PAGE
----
The Ghost Nations You Never Knew Existed
WHY YOU SHOULD CARE
Some countries strive for independence and international recognition for years, but never receive it.
By Laura Secorun Palet
If a tree falls in the forest and nobody hears it, does it make a sound? Similarly, if a country declares its independence but nobody acknowledges it, is it independent?
This is not a theoretical question but a dilemma affecting a handful of wannabe nations that, despite having their own governments, flags and anthems, are not recognized as sovereign states by the international community. Sometimes, these independence hopefuls comprise an ethnic minority at odds with the majority population.
Don’t go feeling sorry for all of them. The latest to join their ranks is the Islamic State, which is wreaking havoc and destruction in Iraq and Syria. Only global jihadists have so far recognized it. Everyone else just wishes it would go away.
No region knows more about phantom states than the Caucasus, where the USSR’s fall left frozen conflicts and orphan nations.
The definition of state seems straightforward. According to the 1933 Montevideo Convention: “The state as a person of international law should possess the following qualifications: (a) a permanent population; (b) a defined territory; (c) government; and (d) capacity to enter into relations with the other states.” That last one is the trickiest.
Take the case of the Turkish Republic of Northern Cyprus on the northern side of the Mediterranean island. It declared its independence in 1983 after the Turkish invasion. Although it is de facto separated from the Greek side of the island, all countries except Turkey consider it part of the Republic of Cyprus.
Having only one country acknowledge you might not make you independent. But how about 84? That’s the number of countries that accepted the Saharawi Arab Democratic Republic, which was proclaimed in 1976, during the war with Morocco. Two years later, the U.N. recognized the right of the Western Sahara people to self-determination, but that’s where progress stalled. The Saharawi republic’s government controls only a fourth of the Western Sahara territory and operates in exile from refugee camps in Algeria.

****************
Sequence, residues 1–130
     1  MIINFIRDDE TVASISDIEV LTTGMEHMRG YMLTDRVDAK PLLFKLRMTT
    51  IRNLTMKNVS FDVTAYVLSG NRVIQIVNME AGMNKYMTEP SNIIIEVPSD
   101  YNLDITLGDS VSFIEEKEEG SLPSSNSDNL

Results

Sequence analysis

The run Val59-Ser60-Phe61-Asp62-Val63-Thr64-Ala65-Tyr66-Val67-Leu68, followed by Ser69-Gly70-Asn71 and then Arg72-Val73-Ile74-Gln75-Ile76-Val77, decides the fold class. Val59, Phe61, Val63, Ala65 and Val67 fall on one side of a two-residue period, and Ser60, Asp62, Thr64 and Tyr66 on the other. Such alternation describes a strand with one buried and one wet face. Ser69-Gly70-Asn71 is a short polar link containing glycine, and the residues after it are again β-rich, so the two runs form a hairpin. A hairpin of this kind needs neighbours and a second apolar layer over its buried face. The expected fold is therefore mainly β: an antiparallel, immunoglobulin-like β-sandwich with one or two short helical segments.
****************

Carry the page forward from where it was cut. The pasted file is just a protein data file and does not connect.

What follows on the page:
While Western Sahara is much poorer than Morocco, Somaliland, on the contrary, is richer than the country it “belongs to” — Somalia. Occupying the eastern flank of the turbulent nation, Somaliland proclaimed its independence in 1991 and has its own administration and police force. While it has informal contacts with neighbors like Djibouti and Western nations like the U.S., it continues to be seen internationally as the autonomous region of the world’s archetypal failed state.
But no region knows more about phantom states than the Caucasus, where the fall of the Soviet Union left a bunch of frozen conflicts and orphan nations.
The small nation on the eastern coast of the Black Sea went to war with Georgia in 1992 — and it actually won.
Remember South Ossetia? That’s what Russia temporarily invaded in 2008 when it went into a five-day war with Georgia. South Ossetians declared their independence from Georgia in 1990, which led to a yearlong war in 1991. After the ceasefire, South Ossetia went unrecognized until, in the wake of the 2008 conflict, its sovereignty was acknowledged by a rogues’ gallery composed of Russia, Nicaragua, Venezuela and Nauru.
These countries are also the only ones to consider Abkhazia an independent state. This small nation on the eastern coast of the Black Sea also went to war with Georgia in 1992. It actually won and chased Georgians away, but that didn’t make a difference in terms of international support.
Still, it could be worse. Two other phantom countries in the region are unrecognized by anyone.
The Pridnestrovian Moldavian Republic, also called Transnistria, is a strip of land on the eastern Moldovan border with Ukraine. After its declaration of independence it too went into a brief military conflict in 1992. Today Moldovans consider it their “autonomous territorial unit,” despite having its own government and even currency — the Transnistrian ruble.
Likewise, the Nagorno-Karabakh Republic claims to have been sovereign since 1992, but Azerbaijan considers it part of its territory. This unpronounceable nation is accepted only by its buddies Abkhazia, South Ossetia and Transnistria. These four have actually established an umbrella organization, the Community for Democracy and Rights of Nations, something of a mutual comfort society.
Understandable. It’s not easy to be snubbed by everyone else.